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Stadelmann D.,University of Bayreuth | Stadelmann D.,Center for Research in Economics | Torgler B.,Center for Research in Economics | Torgler B.,Queensland University of Technology | Torgler B.,EBS University for business and law
PLoS ONE | Year: 2013

Using a quasi-natural voting experiment encompassing a 160-year period (1848-2009) in Switzerland, we investigate whether a higher level of complexity leads to increased reliance on trusted parliamentary representatives. We find that when more referenda are held on the same day, constituents are more likely to refer to parliamentary recommendations when making their decisions. This finding holds true even when we narrow our focus to referenda with a relatively lower voter turnout on days on which more than one referendum is held. We also demonstrate that when constituents face a higher level of complexity, they follow the parliamentary recommendations rather than those of interest groups. "Viewed as a geometric figure, the ant's path is irregular, complex, hard to describe. But its complexity is really a complexity in the surface of the beach, not a complexity in the ant." ( [1 ] p. 51) © 2013 Stadelmann, Torgler.

Stadelmann D.,University of Bayreuth | Stadelmann D.,Center for Research in Economics | Billon S.,Aalto University
Papers in Regional Science | Year: 2015

Capitalization of fiscal packages is often considered as a pure demand side phenomenon. House price premiums in fiscally attractive communities may lead to housing supply reactions and capitalization may disappear in the long-run. However, if price differentials induced by fiscal variables do not lead to supply reactions, capitalization persists over time. Using an empirical linear interaction model, we analyse changes in capitalization of fiscal variables over time. Results indicate that capitalization of fiscal variables persists and capitalization rates do not change over time. © 2014 RSAI.

Frey R.L.,Center for Research in Economics
Schweizerische Zeitschrift fur Forstwesen | Year: 2011

Urban sprawl, although not desirable, cannot effectively be opposed by existing land use planning: the forest is one of the few barriers which can keep it in check. That is why it would be inappropriate at the present time to relax the ban on clearances and to change forest areas into building zones. The protagonists of a less restrictive forest policy argue that it is necessary to optimize the use of land which is becoming more and more scarce. However, this would only be justifiable if landscape development could be correctly controlled through market forces. This is not the case. External costs in the dimension of ten billions of francs a year in transport and building development have in fact the effect of a kind of subsidy on land use and thus encourage uncontrolled development.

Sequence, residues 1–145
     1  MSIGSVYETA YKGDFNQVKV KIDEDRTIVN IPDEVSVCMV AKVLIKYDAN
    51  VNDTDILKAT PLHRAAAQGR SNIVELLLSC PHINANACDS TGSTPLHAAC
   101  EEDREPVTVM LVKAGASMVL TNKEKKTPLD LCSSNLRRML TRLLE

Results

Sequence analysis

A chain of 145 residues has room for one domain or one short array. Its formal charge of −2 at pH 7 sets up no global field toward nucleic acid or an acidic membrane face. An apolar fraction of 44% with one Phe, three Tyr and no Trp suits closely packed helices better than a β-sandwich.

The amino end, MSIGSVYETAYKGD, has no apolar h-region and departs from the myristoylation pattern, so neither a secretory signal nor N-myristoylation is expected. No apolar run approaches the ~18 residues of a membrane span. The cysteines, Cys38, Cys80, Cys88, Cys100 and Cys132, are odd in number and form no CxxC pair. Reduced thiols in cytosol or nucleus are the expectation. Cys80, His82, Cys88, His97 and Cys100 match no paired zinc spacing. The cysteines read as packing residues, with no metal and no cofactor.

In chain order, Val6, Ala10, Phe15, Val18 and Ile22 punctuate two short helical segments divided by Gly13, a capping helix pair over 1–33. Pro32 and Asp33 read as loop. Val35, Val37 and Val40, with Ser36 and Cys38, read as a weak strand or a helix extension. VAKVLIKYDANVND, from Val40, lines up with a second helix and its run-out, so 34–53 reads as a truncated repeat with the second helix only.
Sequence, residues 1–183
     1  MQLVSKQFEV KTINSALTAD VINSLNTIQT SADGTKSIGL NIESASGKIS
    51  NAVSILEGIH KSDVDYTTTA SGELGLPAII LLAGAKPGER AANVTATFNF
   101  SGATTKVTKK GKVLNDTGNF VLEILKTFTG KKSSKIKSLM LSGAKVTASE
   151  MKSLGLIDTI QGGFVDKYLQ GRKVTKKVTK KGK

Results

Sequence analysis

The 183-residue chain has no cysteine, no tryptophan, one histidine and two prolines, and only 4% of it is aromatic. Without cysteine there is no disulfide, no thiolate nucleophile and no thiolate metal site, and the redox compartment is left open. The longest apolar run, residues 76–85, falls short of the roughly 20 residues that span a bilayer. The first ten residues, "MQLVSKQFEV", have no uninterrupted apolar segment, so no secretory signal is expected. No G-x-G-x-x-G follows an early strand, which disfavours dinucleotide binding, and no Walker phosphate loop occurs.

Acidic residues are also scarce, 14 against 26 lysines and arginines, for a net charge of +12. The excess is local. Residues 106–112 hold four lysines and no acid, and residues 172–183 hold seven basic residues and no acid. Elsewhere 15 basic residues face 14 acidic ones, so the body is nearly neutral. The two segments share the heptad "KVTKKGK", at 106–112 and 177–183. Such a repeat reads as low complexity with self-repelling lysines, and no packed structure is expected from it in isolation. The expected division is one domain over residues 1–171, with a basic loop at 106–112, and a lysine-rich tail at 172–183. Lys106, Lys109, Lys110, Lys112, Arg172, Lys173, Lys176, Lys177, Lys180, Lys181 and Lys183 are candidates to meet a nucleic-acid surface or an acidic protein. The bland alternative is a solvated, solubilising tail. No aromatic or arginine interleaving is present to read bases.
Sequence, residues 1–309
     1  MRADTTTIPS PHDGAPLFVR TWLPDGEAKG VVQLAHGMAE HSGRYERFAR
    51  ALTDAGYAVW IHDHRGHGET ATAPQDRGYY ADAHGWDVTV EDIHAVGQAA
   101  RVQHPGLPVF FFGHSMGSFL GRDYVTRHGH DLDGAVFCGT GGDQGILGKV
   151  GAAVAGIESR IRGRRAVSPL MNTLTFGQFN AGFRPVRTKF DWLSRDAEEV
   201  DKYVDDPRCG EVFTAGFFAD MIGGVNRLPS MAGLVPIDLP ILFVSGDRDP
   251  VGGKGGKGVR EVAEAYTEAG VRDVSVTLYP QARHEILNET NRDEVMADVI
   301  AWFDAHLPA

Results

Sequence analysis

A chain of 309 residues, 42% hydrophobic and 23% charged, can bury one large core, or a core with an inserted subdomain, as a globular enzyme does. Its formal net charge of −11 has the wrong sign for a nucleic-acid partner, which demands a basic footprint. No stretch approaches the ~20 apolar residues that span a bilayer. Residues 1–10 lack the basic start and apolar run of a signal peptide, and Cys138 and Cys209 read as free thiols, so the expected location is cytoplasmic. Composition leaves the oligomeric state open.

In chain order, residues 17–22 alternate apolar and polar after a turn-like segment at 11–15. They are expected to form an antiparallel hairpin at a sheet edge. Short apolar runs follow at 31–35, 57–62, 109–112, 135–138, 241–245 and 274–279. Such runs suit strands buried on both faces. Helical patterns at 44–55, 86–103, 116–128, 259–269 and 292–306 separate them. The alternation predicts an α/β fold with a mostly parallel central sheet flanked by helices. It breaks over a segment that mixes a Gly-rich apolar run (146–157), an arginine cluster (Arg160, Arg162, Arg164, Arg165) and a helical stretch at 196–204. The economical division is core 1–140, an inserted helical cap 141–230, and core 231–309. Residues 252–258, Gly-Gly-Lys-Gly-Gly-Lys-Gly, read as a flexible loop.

Chan H.F.,Queensland University of Technology | Onder A.S.,University of Bayreuth | Torgler B.,Queensland University of Technology | Torgler B.,Center for Research in Economics
Scientometrics | Year: 2015

We investigate whether Nobel laureates’ collaborative activities undergo a negative change following prize reception by using publication records of 198 Nobel laureates and analyzing their coauthorship patterns before and after the Nobel Prize. The results overall indicate less collaboration with new coauthors post award than pre award. Nobel laureates are more loyal to collaborations that started before the Prize: looking at coauthorship drop-out rates, we find that these differ significantly between coauthorships that started before the Prize and coauthorships after the Prize. We also find that the greater the intensity of pre-award cooperation and the longer the period of pre-award collaboration, the higher the probability of staying in the coauthor network after the award, implying a higher loyalty to the Nobel laureate. © 2015 Akadémiai Kiadó, Budapest, Hungary

Chan H.F.,Queensland University of Technology | Torgler B.,Queensland University of Technology | Torgler B.,EBS University for business and law | Torgler B.,Center for Research in Economics
Scientometrics | Year: 2015

Nobel laureates have achieved the highest recognition in academia, reaching the boundaries of human knowledge and understanding. Owing to past research, we have a good understanding of the career patterns behind their performance. Yet, we have only limited understanding of the factors driving their recognition with respect to major institutionalized scientific honours. We therefore look at the award life cycle achievements of the 1901–2000 Nobel laureates in physics, chemistry, and physiology or medicine. The results show that Nobelists with a theoretical orientation achieved more awards than laureates with an empirical orientation. Moreover, it seems their educational background shapes their future recognition. Researchers educated in Great Britain and the US tend to attract more awards than other Nobelists, although there are career pattern differences. Among those, laureates educated at Cambridge or Harvard are more successful in Chemistry, those from Columbia and Cambridge excel in Physics, while Columbia educated laureates dominate in Physiology or Medicine. © 2014, Akadémiai Kiadó, Budapest, Hungary.

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